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I have taken off without the electric fuel pump on, forgot to reset to takeoff trim, forgot to set altimeter, forgot to set directional gyro before take off, lined up on the left runway instead of right once but tower questioned me on about a 2 mile final, and I'm sure a number of other things. I'm still a low time guy, around 175 hours total with about 115 of that in my Mooney over the last 9 months. I think what you need to do is slow down when you are on the ground and use your checklists religiously. In the air it is hard to "slow down" but that is when you have to plan ahead and get through your checklists a little early. In cruise review your descent checklist, once established in a descent review your landing checklist, etc... I have found that when I am complacent thinking "I'm good" and don't pay close attention to the checklists is when mistakes start happening. Verbalizing the checklists when I go through them is also a big help. 

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8 hours ago, steingar said:

My flight of weekend last was to be some landings and lunch. First landing was supposed to be on a north facing runway, so for reasons unexplainable to anyone including me I proceed to set up to land on the south facing runway.  Duh.  Caught it time, but still stupid.  My next landing I wound up badly out of position, too high and fast on downwind.  Just for fun I decided to see if I could make the landing (really intending to go-around), and indeed I did, albeit just a bit long.  The next take off certainly got my attention.  I'm pretty certain I forgot to redo the flaps and trim.  By the time I had the gear up I was about 3mph from a departure stall.  Of course, I would have had plenty of room to recover, I was climbing at around a thousand feet a minute.  Got it all back under control in little time, but still...

Rest of the flight was relatively uneventful, though my landing back at home base was a bit bumpy.  My worst flight in memory, other than the one that struck the prop.  

Don't beat yourself up.  The really bad pilots make mistakes like that and then write them off with excuses. You are holding yourself accountable and seeking wisdom.

If I may make a suggestion, I think you'd really benefit from some chair flying and some concentrated standardization. You can put together (or your CFI if you aren't sure) a core set of functional flows and checklists.  Sit in the seat in the hangar, or at home in a chair with a reasonable mockup of your panel and practice procedures.  Do this until you can run them from memory, then use the checklists anyways.  Make callouts to yourself just like you were a two pilot crew.  Make sure you're really looking and checking indications when you need to.  Drill until you cannot get it wrong... and this goes double for emergency procedures.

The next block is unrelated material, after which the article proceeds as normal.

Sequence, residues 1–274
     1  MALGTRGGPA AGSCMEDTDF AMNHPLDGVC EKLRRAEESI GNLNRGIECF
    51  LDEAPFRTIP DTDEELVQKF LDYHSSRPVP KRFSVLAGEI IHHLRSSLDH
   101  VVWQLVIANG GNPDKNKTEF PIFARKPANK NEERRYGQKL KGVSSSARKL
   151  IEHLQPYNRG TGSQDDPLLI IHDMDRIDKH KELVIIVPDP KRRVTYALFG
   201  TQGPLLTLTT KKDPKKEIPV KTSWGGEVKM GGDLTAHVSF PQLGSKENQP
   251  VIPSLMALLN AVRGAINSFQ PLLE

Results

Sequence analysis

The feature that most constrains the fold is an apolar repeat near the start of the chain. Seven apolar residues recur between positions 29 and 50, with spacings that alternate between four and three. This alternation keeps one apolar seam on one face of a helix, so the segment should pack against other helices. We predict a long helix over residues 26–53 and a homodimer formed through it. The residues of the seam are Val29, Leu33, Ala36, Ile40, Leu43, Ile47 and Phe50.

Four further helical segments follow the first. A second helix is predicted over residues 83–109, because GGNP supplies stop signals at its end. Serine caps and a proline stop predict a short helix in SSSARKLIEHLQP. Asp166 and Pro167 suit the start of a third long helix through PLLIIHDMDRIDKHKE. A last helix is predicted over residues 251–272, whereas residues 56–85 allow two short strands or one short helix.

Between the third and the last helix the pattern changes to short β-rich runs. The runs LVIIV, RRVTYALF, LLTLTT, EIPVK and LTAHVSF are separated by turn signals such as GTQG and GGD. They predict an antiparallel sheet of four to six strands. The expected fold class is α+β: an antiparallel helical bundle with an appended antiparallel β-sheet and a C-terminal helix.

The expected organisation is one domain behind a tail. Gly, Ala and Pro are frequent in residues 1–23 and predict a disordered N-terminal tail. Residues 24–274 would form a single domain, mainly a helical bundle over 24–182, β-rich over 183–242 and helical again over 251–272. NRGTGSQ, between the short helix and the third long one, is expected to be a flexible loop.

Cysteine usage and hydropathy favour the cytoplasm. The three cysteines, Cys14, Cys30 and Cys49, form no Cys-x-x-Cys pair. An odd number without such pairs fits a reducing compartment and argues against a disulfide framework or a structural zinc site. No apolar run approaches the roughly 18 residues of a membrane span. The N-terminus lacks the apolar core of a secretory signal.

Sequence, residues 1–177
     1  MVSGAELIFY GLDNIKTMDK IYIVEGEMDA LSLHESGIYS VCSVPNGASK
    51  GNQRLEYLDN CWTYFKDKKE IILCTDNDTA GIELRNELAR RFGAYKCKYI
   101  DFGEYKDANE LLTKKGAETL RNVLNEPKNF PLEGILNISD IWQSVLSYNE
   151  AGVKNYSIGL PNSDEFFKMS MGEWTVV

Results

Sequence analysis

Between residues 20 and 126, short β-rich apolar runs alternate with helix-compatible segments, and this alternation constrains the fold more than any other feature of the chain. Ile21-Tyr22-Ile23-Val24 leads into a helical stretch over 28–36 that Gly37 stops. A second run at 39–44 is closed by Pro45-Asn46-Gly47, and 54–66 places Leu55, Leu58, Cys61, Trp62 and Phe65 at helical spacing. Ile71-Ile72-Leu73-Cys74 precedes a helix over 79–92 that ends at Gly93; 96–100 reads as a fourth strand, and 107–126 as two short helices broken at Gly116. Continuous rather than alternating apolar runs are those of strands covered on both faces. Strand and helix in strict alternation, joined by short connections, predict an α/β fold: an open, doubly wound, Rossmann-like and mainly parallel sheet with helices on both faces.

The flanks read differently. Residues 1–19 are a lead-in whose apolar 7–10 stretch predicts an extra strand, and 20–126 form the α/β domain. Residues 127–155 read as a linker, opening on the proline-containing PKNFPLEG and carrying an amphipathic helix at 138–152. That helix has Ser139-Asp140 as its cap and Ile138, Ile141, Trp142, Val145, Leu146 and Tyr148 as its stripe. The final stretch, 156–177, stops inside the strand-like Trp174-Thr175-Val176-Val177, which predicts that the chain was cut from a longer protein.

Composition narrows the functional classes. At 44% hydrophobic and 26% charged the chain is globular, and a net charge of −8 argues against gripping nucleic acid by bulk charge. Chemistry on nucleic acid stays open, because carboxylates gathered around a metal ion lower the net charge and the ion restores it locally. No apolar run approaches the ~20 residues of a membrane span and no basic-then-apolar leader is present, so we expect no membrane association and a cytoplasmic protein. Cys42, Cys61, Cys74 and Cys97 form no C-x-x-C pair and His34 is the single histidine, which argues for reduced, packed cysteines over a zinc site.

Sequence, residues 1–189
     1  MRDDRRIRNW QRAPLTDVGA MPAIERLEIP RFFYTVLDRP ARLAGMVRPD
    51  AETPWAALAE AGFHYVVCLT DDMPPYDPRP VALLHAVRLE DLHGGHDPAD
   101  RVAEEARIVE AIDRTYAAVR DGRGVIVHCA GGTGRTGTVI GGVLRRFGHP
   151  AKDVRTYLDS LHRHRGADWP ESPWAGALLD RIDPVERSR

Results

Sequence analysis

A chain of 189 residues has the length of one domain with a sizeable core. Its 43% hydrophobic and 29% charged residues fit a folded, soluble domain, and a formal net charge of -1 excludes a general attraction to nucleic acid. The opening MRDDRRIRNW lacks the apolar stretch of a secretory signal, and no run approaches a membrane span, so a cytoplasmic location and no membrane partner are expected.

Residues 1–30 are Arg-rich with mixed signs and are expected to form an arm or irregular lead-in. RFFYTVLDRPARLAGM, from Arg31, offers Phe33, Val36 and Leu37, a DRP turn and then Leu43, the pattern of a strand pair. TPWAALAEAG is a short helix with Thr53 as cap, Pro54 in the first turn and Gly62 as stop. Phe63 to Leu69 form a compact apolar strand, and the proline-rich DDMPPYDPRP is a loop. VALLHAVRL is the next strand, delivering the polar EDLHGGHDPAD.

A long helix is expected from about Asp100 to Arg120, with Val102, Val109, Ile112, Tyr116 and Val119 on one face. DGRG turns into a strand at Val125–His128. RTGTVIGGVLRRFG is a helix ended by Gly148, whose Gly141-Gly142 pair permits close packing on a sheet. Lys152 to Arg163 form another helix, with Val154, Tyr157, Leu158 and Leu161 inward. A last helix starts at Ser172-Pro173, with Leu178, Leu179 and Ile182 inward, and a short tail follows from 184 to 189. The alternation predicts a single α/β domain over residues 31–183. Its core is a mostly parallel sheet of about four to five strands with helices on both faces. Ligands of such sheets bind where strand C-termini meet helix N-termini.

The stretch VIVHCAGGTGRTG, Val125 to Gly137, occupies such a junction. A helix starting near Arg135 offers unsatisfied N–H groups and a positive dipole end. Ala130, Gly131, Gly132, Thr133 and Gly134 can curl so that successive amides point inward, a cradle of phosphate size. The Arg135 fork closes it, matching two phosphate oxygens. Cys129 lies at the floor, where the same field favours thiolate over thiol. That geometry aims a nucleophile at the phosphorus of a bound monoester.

All of this will reduce mental load in high workload or critical moments.  Standardization with scripted flows is how a lot of professional aviation does it and it does a lot to help manage things.    I think it would help.

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Not sure why everyone has missed the obvious , but how recent have you done training with an instructor ,  Unfortunately the first victim of complacency seems to be training , A good instructor will point out your deficiencies , and suggest remedies for them......Not going to tell you not to stop flying , Don't know you , never flew with you , and you may be spot on with the decision to stop flying , But if you decide to continue flying , sounds like you should continue to do training ,     Good luck , whatever you decide.....

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All of the above.  But it does sound like there should be more focus on checklists and flows.  I use one religiously, and the more hours I put in, the more items get added.  If I find myself prone to missing something, it gets put in red in the checklist.

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I have flown with many people, many different airplanes, everyone makes mistakes. Any pilot that tells you that they have never screwed up, forgot something, got confused, needs to have a memory check completed. The idea is to keep the big mistakes out ( stall spin, collision, CFIT ) , and never let the small mistakes( everything else ) pile up in your head to allow the big mistake to happen. take a trusted pilot/CFI with you, to help make this fun. It's suppose to be fun right